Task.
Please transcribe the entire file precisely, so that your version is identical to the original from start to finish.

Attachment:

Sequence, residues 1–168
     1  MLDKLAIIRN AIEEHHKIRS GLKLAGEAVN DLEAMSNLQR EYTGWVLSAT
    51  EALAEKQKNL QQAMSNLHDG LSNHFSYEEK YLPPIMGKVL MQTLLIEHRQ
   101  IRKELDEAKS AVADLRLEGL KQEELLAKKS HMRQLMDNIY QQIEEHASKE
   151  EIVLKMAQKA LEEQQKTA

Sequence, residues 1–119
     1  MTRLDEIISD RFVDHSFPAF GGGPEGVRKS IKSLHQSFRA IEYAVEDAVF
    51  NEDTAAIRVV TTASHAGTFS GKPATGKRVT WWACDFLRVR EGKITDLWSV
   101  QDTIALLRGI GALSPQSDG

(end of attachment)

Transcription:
Sequence, residues 1–168
     1  MLDKLAIIRN AIEEHHKIRS GLKLAGEAVN DLEAMSNLQR EYTGWVLSAT
    51  EALAEKQKNL QQAMSNLHDG LSNHFSYEEK YLPPIMGKVL MQTLLIEHRQ
   101  IRKELDEAKS AVADLRLEGL KQEELLAKKS HMRQLMDNIY QQIEEHASKE
   151  EIVLKMAQKA LEEQQKTA

Sequence, residues 1–119
     1  MTRLDEIISD RFVDHSFPAF GGGPEGVRKS IKSLHQSFRA IEYAVEDAVF
    51  NEDTAAIRVV TTASHAGTFS GKPATGKRVT WWACDFLRVR EGKITDLWSV
   101  QDTIALLRGI GALSPQSDG